Ernest Walton and John Cockroft (1932) were the first to split the nucleus in a completely controlled manner. This was under the direction of Rutherford (see below) who, whilst at the Cavendish laboratory, Cambridge had done so but not by entirely artificial means. In doing so Walton and Cockroft were also the first to verify Einstein's law: E = mc²
Lise Meitner is apparently the most correct answer. She was Austrian . She discovered it while living in Sweden during WWII. Meitner maintained contact with colleagues, which allowed her to partner in their work, but she ultimately came out with how to split the atom first (while in Sweden) and I believe that she was first to be published. She worked with Otto Hahn who never gave her credit for coming out with it first, because she was a woman and a Jew which didn't work well with added Nazi pressure.
Otto Hahn and Fritz Strassman (1938)
The below answer is not correct.
Lise Meitner was not the first to split the atom. However, she was the first to Theorize the Dumbbell concept. She worked with Otto Hahn for that experiment. They were good friends and colleagues. He was the first one to help her get out of Germany. (The Making of the Atomic Bomb by Richard Rhodes,)
Ernest Rutherford - A New Zealander - split the atom
The creator of modern atomic physics and forerunner of the nuclear age, Rutherford was one of the greatest scientists of the 20th century.
He was awarded the Nobel Prize in Chemistry in 1908 and a baronetcy in 1931.
In the words of Einstein, he was "a second Newton", the man who "tunneled into the very material of God": inventor, experimenter and Nelson farm boy.
Rutherford's strengths as a scientist are legion. A prolific, practical inventor and scientific theorist, his ideas were based on rigorous experimentation. He was one of the original "demo or die" scientists, turning conjecture into fact.
He attributed his willingness to experiment and find unorthodox solutions to his hardscrabble background in rural New Zealand: "We don't have the money, so we have to think".
Rutherford's Major Discoveries
Rutherford's three major discoveries shaped modern science, created nuclear physics and changed the way that we envisage the structure of the atom.
Rutherford's first discovery was that elements are not immutable, but can change their structure naturally, from heavy elements to slightly lighter. This led to him being awarded the Nobel Prize for Chemistry in 1908, at the age of 37, for his work on the transmutation of elements and the chemistry of radioactive material.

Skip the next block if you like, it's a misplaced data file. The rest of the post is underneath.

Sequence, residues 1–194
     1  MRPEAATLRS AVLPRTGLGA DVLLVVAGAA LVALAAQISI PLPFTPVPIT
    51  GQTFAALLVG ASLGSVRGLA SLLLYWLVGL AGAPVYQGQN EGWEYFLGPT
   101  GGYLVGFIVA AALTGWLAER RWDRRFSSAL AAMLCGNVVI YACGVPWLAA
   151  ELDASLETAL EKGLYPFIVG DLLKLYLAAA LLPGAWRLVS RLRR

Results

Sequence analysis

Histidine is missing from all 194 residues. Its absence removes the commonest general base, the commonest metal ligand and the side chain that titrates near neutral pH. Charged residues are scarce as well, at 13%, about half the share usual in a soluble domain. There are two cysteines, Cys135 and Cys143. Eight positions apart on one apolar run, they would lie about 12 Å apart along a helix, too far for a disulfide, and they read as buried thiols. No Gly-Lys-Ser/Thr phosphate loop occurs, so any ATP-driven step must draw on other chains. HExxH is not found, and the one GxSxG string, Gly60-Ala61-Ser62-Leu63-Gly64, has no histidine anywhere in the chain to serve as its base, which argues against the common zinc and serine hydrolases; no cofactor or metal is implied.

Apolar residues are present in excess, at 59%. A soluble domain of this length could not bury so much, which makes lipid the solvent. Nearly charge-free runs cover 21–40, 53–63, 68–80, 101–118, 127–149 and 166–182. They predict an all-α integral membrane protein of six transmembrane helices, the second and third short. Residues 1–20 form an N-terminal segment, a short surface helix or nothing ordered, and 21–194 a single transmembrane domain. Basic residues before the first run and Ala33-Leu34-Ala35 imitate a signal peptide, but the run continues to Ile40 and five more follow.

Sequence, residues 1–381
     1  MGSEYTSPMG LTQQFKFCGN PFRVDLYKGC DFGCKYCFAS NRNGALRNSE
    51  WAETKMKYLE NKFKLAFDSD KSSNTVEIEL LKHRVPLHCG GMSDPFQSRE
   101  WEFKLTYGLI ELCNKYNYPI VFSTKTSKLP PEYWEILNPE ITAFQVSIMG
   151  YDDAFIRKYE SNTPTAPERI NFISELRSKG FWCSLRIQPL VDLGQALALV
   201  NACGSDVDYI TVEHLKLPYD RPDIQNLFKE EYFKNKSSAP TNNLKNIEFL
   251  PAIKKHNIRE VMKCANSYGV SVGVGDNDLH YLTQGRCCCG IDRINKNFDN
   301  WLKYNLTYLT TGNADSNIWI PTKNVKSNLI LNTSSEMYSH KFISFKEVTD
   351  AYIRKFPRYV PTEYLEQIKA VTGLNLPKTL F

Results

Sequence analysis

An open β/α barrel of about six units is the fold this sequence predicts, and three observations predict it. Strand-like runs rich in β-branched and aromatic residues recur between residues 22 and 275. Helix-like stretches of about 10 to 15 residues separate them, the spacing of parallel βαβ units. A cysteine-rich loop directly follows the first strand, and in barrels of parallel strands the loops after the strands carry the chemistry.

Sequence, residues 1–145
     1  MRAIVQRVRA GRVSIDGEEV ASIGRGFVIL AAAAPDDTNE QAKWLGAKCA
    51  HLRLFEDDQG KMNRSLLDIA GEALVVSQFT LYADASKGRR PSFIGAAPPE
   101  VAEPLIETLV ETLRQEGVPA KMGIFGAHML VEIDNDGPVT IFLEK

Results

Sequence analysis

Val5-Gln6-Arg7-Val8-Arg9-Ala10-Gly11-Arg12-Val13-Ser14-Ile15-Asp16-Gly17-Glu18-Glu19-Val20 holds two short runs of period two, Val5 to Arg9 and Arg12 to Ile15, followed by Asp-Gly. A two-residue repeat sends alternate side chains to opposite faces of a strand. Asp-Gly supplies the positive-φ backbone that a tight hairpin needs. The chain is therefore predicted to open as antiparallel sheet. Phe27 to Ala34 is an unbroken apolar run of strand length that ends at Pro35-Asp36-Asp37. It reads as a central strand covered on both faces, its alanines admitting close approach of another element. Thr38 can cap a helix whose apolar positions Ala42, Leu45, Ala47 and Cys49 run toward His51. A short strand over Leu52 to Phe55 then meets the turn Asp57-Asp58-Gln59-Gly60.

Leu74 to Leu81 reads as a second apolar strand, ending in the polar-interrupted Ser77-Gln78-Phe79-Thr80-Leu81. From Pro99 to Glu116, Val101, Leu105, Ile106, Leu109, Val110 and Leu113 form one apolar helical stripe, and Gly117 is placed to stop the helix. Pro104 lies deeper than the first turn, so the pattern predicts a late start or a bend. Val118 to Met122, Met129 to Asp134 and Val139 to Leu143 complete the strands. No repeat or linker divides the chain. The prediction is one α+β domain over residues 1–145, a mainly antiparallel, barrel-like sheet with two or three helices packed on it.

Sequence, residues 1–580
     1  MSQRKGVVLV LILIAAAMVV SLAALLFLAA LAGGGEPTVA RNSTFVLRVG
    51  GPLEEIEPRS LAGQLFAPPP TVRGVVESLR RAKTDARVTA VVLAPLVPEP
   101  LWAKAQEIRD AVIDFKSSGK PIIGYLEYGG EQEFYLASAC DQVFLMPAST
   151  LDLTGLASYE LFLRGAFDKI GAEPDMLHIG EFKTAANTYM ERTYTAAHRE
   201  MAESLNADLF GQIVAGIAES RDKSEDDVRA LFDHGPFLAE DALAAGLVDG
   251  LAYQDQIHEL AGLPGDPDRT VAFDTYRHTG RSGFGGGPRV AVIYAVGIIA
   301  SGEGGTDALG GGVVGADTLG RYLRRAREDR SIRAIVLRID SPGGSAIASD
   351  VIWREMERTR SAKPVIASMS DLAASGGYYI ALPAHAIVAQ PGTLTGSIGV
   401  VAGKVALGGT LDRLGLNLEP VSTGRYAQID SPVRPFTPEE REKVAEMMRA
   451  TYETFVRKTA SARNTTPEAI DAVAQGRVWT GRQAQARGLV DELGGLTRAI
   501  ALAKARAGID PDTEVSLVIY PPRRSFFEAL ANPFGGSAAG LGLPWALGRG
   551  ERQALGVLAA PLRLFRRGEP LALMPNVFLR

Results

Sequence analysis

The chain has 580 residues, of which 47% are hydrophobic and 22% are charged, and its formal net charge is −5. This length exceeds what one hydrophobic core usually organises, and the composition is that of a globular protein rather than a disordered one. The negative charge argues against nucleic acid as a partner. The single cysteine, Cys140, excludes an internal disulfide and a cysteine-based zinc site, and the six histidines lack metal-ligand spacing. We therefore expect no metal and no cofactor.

His second discovery, the nuclear model of the atom, became the basis for how we see the atom today: a tiny nucleus surrounded by orbiting electrons.
He built on this discovery for his third great achievement, the splitting of the atom, making him, as John Campbell says in his biography of Rutherford in The Dictionary of New Zealand Biography, "the world's first successful alchemist".
The first group to successfully initiate nuclear fission (splitting the atom) was a top-secret project called the Manhattan Project. It was initiated by a letter from Albert Einstein, and a whole group of top physicicists developed the program. The first person to actually split the atom was Enrico Fermi in 1942
Google The Manhattan Project, and you'll have your answer.
I was taught at school it was a New Zealander by the name of Earnest Rutherford who was working at Oxford University at the time. I think it was sometime in the 1920's.
*The work of Sir Rutherford and Misters Walton and Cockcroft are the first recorded, deliberate events that could be classified as 'splitting' an atom.
The Manhattan Project etc
As mentioned above, Rutherford, Walton and Cockcroft were the first to split the atom. The Manhatton project involved the development of a nuclear weapon. I believe Walton may have been asked to join a secret project, now known as The Manhatton Project, based on his earlier work. He may not have been told of the exact purpose of the project. In fact, they wouldn't have known of the possibilities of nuclear power at the time of splitting the atom. I'm no expert, but I believe the idea of a nuclear bomb came later. There were certain unknowns at the time of the initial splitting of the atom. It was later knowledge or ideas that proposed the concept of a nuclear weapon.
As an aside, Ernest Walton was Irish.
In April 1932 John Cockcroft and Ernest Walton split the atom
for the first time, at the Cavendish Laboratory in Cambridge in the
UK. Only weeks earlier, James Chadwick, also in Cambridge,
discovered the neutron. That same year, far away in California,
Carl Anderson discovered the positron while working on cosmic rays.
So 1932 was a veritable annus mirabilis in which experiments
discovered, and worked with, nucleons; exploited Albert Einstein's
relativity and energy-mass equivalence principle; took advantage of
the newly emerging quantum mechanics and its prediction of
"tunnelling" through potential barriers; and even verified the
existence of "antimatter" predicted by Paul Dirac's relativistic
quantum theory of the electron. It is hard to think of a more
significant year in the annals of science.
the Nazi regime in Germany first splitted the atom first but the decided not to use it to create an atomic bomb because they thought they would win the 2nd world war so then the Americans created the first atomic bomb
In 1932 Sir John Cockcroft and Ernest Walton were the first people to split an atom (causing a nuclear reaction) by using artificially accelerated particles.